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Reporting of Important Social Determinants of Health in Pediatric Clinical Trials

Published:January 06, 2023DOI:https://doi.org/10.1016/j.amepre.2022.12.004

      Introduction

      The objective of this study was to determine the rates and trends in the reporting of preferred language, socioeconomic factors, sexual orientation, and gender identity in published pediatric clinical trials.

      Methods

      A cross-sectional study of pediatric clinical trials conducted in the U.S. published from January 1, 2011 through December 31, 2020 in 5 general pediatric and 5 general medical journals with the highest impact factor in their respective fields was performed. Outcomes were reporting of preferred language, socioeconomic factors, sexual orientation, and gender identity. In late 2021, descriptive statistics and logistic regression to understand how reporting of preferred language and socioeconomic factors changed over time were performed.

      Results

      Of 612 trials, 29.6% (n=181) reported preferred language. Among these, 64.6% (n=117 of 181) exclusively enrolled participants whose preferred language was English. From 2011 to 2020, there was a relative increase in the reporting of preferred language (8.6% per year, 95% CI=1.8, 16.0). Socioeconomic factors were reported in 47.9% (n=293) of trials. There was no significant change in the reporting of socioeconomic factors (8.2% per year, 95% CI= –1.9, 15.1). Only 5.1% (9 of 179) of published trial results among adolescent participants reported any measure of sexual orientation, and 1.1% (2 of 179) reported gender identity.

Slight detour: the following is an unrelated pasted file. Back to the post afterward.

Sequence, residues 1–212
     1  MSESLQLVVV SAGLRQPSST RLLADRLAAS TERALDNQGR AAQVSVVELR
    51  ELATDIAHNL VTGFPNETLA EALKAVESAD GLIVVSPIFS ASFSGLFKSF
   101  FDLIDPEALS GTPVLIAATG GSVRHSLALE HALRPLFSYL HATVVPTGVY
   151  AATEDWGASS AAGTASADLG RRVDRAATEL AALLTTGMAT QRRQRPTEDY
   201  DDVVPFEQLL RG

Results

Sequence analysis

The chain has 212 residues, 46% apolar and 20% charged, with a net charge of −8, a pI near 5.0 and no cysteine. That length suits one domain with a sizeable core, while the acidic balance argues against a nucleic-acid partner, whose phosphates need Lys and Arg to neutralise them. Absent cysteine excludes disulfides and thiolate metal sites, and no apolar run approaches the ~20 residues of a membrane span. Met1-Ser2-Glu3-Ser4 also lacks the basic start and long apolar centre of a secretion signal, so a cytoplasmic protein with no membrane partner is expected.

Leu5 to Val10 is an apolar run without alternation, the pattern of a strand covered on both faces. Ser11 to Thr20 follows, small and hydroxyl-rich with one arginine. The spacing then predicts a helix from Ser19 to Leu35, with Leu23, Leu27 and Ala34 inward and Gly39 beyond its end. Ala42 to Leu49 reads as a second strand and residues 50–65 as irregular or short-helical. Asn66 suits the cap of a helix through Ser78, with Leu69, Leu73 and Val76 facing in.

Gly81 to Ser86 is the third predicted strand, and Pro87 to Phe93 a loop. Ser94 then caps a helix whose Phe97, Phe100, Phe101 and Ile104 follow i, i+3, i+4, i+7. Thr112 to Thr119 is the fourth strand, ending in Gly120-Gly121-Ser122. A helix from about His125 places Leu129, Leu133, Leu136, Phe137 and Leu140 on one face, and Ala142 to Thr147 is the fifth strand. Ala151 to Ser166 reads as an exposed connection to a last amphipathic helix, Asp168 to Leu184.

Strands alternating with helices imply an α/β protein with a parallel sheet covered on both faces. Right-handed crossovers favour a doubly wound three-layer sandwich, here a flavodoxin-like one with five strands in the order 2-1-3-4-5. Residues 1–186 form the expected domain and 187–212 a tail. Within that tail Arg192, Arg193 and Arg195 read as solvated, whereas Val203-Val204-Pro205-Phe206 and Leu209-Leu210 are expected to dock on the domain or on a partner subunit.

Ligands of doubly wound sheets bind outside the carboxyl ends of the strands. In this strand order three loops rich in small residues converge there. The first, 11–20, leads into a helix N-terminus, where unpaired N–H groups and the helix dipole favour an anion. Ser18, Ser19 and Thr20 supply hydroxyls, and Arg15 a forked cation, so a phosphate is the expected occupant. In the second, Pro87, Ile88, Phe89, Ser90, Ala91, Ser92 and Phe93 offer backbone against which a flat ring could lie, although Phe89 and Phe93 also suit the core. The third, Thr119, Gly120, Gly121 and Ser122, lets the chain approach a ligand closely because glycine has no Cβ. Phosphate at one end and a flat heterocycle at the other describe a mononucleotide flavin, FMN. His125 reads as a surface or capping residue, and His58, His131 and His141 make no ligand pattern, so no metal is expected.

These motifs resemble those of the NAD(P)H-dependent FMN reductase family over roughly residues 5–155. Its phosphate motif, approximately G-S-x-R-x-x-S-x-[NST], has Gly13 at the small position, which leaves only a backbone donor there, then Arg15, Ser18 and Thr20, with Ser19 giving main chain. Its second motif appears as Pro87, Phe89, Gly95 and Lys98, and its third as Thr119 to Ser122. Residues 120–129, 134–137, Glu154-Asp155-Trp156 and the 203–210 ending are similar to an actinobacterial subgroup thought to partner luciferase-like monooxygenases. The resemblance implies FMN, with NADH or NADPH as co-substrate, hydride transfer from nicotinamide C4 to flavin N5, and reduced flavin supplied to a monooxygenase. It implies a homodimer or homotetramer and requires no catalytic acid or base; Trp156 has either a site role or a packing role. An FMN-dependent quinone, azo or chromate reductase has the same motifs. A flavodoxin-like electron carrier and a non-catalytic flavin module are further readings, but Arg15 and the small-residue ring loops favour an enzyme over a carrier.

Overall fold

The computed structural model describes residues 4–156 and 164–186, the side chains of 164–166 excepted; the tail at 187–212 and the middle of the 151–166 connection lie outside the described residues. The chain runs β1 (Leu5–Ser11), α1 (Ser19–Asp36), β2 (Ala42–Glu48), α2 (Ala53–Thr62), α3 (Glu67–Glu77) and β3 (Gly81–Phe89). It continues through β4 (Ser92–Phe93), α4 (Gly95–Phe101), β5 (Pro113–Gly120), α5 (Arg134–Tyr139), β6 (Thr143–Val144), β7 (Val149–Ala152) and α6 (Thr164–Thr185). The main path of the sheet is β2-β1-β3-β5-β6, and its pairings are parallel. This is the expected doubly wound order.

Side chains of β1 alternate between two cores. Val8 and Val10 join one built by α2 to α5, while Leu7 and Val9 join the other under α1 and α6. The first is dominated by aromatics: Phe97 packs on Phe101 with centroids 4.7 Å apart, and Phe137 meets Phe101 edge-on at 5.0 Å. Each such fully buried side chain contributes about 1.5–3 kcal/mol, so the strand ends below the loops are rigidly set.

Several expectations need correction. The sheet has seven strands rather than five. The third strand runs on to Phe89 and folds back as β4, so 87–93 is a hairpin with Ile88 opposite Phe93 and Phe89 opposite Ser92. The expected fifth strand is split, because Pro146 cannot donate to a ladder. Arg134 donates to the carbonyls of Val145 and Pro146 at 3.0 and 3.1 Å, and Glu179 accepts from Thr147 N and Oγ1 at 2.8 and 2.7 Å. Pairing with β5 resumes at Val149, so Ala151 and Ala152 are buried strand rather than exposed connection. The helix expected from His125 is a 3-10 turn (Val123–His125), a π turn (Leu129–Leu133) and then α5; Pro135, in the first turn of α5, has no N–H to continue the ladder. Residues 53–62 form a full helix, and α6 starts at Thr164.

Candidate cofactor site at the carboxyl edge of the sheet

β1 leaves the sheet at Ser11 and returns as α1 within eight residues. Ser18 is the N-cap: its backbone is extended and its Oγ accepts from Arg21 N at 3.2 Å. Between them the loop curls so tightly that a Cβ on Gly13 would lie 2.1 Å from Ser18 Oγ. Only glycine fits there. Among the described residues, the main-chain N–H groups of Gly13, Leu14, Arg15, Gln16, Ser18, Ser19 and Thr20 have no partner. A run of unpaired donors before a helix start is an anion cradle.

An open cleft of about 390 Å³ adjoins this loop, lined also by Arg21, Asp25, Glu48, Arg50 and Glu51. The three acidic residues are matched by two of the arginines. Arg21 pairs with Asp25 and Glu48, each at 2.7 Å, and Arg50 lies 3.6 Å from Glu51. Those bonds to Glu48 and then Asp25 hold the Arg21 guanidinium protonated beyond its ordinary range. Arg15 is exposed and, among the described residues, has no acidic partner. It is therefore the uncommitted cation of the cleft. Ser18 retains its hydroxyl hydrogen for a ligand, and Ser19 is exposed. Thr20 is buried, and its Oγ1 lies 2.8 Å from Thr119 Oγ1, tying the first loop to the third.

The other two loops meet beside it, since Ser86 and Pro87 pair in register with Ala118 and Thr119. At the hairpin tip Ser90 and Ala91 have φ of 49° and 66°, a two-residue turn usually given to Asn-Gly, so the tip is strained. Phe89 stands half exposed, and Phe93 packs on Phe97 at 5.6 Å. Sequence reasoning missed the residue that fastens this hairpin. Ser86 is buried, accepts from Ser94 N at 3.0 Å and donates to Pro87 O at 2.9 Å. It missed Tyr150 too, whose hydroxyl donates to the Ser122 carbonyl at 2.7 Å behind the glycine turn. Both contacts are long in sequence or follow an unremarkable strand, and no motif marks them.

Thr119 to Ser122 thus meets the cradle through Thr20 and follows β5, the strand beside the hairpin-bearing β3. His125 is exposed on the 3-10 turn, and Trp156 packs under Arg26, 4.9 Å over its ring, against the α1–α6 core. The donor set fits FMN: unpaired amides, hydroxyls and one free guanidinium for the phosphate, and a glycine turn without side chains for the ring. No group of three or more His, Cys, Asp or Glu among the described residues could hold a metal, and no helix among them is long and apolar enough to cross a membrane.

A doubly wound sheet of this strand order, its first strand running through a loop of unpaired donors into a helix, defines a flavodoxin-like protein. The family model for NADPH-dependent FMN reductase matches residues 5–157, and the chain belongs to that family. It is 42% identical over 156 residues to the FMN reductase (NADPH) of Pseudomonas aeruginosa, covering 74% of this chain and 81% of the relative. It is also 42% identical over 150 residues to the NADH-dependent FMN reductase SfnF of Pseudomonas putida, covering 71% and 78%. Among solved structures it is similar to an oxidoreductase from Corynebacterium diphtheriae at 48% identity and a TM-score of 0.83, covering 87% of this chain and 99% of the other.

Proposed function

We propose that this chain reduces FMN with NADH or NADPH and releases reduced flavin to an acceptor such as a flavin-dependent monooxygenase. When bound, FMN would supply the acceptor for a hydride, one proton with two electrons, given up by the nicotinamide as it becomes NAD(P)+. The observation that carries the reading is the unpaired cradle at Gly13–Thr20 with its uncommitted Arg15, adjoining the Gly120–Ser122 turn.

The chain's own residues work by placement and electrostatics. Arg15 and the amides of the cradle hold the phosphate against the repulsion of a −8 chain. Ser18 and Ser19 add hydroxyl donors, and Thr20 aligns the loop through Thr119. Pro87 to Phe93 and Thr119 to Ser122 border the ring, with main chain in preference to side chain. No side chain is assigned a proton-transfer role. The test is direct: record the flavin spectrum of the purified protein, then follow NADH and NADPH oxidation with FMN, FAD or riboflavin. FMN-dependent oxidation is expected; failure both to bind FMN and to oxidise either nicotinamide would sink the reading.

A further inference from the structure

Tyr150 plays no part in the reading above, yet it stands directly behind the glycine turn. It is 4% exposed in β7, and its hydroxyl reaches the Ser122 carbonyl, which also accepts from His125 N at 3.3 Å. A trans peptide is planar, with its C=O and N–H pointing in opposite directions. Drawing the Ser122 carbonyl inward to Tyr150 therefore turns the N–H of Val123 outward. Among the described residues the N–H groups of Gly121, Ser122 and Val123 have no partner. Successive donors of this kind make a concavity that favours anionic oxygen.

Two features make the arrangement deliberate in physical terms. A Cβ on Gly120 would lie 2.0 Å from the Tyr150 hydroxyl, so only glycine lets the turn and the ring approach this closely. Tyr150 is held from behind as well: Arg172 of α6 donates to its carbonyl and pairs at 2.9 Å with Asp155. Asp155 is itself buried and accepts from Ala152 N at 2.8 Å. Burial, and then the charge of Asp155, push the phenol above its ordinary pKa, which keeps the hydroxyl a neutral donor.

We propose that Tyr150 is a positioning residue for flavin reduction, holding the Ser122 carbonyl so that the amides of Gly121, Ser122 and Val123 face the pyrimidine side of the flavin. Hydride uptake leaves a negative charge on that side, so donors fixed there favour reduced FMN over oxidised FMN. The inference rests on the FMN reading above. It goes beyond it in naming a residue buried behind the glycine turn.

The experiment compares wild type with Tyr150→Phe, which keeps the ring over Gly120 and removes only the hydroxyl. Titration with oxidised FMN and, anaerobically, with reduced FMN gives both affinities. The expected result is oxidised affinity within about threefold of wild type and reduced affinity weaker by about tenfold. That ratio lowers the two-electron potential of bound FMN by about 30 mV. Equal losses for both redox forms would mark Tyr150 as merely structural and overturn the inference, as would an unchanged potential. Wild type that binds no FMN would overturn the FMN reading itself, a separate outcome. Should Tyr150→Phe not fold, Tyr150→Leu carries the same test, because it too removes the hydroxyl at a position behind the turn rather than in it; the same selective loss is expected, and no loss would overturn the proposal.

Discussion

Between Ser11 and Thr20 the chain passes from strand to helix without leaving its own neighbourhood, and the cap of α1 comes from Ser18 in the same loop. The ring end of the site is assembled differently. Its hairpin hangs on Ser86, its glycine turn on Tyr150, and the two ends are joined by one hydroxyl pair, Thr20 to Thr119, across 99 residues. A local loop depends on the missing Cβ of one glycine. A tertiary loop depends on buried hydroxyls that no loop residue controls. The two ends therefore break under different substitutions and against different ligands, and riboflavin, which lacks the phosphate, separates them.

Conclusions

      Preferred language, socioeconomic factors, sexual orientation, and gender identity were infrequently reported in pediatric clinical trial results despite these characteristics being increasingly recognized as social determinants of health. To achieve more inclusiveness and to reduce unmeasured disparities, these characteristics should be incorporated into routine trial registration, design, funding decisions, and reporting.
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